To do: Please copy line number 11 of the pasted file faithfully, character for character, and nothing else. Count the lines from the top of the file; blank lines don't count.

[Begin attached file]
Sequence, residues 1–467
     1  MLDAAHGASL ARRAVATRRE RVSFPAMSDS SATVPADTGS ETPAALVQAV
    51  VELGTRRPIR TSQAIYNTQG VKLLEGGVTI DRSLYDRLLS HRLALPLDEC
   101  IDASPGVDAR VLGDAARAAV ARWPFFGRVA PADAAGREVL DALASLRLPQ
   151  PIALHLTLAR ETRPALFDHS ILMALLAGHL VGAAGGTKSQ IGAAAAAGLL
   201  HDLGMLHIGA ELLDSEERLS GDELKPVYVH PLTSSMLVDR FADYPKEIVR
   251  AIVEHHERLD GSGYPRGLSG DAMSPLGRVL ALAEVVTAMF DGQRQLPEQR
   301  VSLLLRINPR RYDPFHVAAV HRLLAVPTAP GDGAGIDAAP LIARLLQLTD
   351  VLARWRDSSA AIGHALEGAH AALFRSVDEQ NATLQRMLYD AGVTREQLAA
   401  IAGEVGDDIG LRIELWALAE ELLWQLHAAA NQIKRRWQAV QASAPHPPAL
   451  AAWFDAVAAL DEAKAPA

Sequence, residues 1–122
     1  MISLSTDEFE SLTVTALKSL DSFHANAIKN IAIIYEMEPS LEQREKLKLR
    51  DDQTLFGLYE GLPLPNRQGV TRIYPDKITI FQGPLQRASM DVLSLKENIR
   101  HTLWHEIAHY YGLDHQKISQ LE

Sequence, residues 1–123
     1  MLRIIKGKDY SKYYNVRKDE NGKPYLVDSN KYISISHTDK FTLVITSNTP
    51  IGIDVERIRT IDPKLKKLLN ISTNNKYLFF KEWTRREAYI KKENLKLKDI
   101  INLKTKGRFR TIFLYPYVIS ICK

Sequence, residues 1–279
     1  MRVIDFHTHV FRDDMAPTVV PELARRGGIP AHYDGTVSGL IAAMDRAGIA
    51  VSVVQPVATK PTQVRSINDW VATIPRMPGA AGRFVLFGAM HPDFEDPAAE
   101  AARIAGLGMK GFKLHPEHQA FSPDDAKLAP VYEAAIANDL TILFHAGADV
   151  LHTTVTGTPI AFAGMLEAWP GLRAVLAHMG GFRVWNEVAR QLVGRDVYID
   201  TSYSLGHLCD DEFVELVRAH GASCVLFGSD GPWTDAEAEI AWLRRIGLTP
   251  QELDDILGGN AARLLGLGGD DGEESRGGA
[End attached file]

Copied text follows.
   451  AAWFDAVAAL DEAKAPA